While loop doesn’t exit after file download

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I’ve got the following code to download a file being transmitted over TCP:

        try (OutputStream out = new FileOutputStream(path); InputStream is = socket.getInputStream();) {
            byte[] bytes = new byte[1024];
            int count, xp = 0;
            while ((count = is.read(bytes)) > 0) {      // TODO after upload the service doesn't leave while loop
                out.write(bytes, 0, count);
            }
            System.out.println("hello");
         ...

upload code:

if (ready.equalsIgnoreCase(CdnResponse.READY.getContext())){
    int read = 0;
    byte[] bytes = new byte[1024];
    while ((read = inputStream.read(bytes)) != -1) {
        out.write(bytes, 0, read);
    }

}

The upload exits its loop fine.

Once all the bytes have been processed (they are always processed successfully, however the loop is never exited), the file is created, without a single issue, but, the loop doesn’t exit.

Answer

TCP/IP connections are designed to be long-lived streaming connections (built on top of the out-of-order, no-guarantee, packet-based IP protocol).

That means that is.read(bytes) does exactly what the spec says it will: It will wait until at least 1 byte is available, OR the ‘end of stream’ signal comes in. As long as neither occurs (no bytes arrive, but the stream isn’t closed), it will dutifully block. Forever if it has to.

The solution is to either [A] pre-send the size of the file, and then adjust the loop to just exit once you’ve received that amount of bytes, or [B] to close the stream.

To close the stream, close the socket. It kinda sounds like you don’t wanna do that (that you are multiplexing multiple things over the stream, i.e. that after transfering a file, you may then send other commands).

So, option A, that sounds better. However, option A has as a prerequisite that you know how many bytes are going to come out of inputStream. If it’s a file, that’s easy, just ask for its size. If it’s streamed data, that would require that, on the ‘upload code side’, you first stream the whole thing into a file and only then stream it over the network which is unwieldy and potentially inefficient.

If you DO know the size, it would look something like (and I’m going to use newer APIs here, you’re using some obsolete, 20 year old outdated stuff):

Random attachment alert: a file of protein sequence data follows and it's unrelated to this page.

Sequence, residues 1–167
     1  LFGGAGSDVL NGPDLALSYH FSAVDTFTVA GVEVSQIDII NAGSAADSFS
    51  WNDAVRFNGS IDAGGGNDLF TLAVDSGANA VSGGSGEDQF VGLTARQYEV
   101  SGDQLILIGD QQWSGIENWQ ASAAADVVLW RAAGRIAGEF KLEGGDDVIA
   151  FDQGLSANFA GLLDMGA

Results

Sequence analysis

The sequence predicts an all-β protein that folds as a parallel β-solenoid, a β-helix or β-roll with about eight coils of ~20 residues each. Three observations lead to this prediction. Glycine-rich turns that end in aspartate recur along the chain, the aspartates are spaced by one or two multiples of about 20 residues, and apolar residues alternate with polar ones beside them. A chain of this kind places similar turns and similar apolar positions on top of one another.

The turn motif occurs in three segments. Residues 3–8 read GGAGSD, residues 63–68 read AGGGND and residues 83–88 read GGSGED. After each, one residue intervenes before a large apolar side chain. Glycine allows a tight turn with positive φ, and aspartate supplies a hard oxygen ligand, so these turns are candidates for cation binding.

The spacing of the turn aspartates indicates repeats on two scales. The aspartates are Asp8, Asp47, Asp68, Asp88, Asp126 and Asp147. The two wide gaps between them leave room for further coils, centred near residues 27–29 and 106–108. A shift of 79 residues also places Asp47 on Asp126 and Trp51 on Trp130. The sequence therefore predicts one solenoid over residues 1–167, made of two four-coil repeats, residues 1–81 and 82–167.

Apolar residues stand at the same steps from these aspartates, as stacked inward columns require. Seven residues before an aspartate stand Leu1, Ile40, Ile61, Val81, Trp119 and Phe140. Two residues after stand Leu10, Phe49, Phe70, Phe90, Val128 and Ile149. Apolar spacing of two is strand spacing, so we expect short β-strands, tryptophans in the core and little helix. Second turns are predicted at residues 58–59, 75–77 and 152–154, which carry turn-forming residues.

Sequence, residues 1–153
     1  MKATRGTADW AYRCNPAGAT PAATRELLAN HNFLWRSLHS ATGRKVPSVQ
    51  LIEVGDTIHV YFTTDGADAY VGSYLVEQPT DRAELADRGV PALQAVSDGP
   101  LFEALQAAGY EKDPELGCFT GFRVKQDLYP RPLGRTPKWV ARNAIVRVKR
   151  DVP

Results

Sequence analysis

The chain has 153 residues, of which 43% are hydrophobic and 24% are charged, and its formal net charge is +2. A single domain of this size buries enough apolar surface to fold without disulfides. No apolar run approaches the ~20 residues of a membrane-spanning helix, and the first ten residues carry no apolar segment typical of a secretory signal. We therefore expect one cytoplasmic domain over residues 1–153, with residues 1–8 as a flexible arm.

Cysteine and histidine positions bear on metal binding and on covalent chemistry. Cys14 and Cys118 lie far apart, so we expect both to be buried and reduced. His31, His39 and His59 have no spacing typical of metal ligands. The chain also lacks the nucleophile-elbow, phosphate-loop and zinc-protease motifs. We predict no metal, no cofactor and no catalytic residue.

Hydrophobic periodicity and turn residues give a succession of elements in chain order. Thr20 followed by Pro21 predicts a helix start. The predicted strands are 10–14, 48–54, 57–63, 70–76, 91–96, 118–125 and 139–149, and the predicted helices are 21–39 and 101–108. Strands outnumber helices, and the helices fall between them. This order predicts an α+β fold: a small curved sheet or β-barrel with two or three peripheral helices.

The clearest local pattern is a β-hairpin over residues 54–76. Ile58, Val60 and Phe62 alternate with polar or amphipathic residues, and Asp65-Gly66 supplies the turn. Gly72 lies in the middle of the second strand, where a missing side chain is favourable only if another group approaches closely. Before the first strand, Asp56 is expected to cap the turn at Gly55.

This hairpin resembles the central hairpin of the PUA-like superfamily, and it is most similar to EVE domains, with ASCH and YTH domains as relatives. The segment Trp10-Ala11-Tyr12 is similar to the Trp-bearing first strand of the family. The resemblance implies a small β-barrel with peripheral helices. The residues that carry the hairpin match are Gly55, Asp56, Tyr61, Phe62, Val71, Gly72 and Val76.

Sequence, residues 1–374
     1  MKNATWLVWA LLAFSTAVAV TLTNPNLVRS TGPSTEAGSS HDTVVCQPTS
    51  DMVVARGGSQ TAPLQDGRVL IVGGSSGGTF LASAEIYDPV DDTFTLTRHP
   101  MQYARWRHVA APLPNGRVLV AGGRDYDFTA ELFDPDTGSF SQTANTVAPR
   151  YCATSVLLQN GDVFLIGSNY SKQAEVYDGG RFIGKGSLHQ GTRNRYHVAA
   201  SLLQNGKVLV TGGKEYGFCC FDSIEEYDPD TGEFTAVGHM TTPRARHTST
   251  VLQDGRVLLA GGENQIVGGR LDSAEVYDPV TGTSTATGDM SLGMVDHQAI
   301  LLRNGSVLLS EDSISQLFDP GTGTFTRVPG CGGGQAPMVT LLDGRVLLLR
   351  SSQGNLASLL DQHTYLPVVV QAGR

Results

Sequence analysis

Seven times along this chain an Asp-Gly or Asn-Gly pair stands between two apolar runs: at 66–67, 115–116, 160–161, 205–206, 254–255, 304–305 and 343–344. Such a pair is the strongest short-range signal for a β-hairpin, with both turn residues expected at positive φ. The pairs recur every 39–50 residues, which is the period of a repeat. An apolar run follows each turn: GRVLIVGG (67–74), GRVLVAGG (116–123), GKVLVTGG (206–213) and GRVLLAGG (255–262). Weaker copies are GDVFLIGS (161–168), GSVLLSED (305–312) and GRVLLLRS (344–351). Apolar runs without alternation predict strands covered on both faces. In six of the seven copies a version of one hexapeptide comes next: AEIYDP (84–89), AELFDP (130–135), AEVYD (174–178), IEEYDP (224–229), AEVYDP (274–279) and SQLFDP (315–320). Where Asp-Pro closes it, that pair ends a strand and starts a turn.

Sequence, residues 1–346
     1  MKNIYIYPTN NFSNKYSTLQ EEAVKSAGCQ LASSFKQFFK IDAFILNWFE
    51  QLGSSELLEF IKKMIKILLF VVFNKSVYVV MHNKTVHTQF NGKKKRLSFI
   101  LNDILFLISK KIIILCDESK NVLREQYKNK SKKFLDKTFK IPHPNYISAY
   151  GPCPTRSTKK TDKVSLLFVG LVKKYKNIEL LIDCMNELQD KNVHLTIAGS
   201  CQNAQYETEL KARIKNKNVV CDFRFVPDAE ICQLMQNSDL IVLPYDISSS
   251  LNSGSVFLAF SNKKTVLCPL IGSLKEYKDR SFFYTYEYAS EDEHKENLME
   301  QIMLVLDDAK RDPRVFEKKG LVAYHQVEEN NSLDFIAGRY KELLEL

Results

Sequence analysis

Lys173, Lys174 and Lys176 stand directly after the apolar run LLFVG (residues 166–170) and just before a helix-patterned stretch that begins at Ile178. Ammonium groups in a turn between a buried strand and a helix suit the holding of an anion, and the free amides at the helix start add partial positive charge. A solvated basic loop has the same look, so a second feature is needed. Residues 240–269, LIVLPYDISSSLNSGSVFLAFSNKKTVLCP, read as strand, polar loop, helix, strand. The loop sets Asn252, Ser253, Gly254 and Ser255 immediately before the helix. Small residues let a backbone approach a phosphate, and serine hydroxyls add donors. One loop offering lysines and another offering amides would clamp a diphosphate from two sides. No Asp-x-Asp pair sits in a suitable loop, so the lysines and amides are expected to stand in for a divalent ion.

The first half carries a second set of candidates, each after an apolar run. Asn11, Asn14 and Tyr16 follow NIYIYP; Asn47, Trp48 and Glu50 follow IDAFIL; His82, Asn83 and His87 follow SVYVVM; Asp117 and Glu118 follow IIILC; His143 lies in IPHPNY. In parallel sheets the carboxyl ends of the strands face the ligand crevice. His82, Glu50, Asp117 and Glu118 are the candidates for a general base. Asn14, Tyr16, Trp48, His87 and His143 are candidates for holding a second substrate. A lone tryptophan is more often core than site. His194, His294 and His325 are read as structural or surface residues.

// upload side
void upload() {
  Path p = Paths.get("/path/to/file/you/want/to/send");
  long fileSize = Files.size(p);
  out.write(longToBytes(fileSize);
  try (InputStream in = Files.newInputStream(p)) {
    in.transferTo(out);
  }
}

public static byte[] longToBytes(long x) {
    ByteBuffer buffer = ByteBuffer.allocate(Long.BYTES);
    buffer.putLong(x);
    return buffer.array();
}

This code has the following properties:

  • First it sends 8 bytes, in big endian order, which is the size of the data to come.
  • It uses the new java.nio.file API.
  • It uses the new transferTo method in InputStream, which avoids the rigamarole of having to declare a byte array to serve as buffer, and a while loop.

Then on the download side:

void download() {
  long size = bytesToLong(in.readNBytes(8));
  Path p = Paths.get("/file/to/store/data/at");
  // Generally network transfer sizes are a bit higher than 1k;
  // up to 64k in fact. Best to declare a larger buffer!
  byte[] bb = new byte[65536];
  try (OutputStream out = Files.newOutputStream(p)) {
    while (size > 0) {
      int count = in.read(bb);
      if (count == -1) throw new IOException("Unexpected end of stream");
      out.write(bb, 0, count);
      size -= count;
    }
  }
}

public static long bytesToLong(byte[] bytes) {
    ByteBuffer buffer = ByteBuffer.allocate(Long.BYTES);
    buffer.put(bytes);
    buffer.flip();//need flip 
    return buffer.getLong();
}

This code:

  • Uses the new readNBytes method to read that size in, first.

If you do not know how large the incoming data is, you need to write a little protocol. For example:

  • A size is sent, in the form of 2 bytes, in big endian order, unsigned. Then that many bytes follow, then another size is sent, ad infinitum.
  • When the stream is completed, a size of 0 is sent (so, 2 bytes with value 0), which indicates the file is complete.

I’ll leave it as an exercise for you to implement the up- and download side if this is what you need.



Source: stackoverflow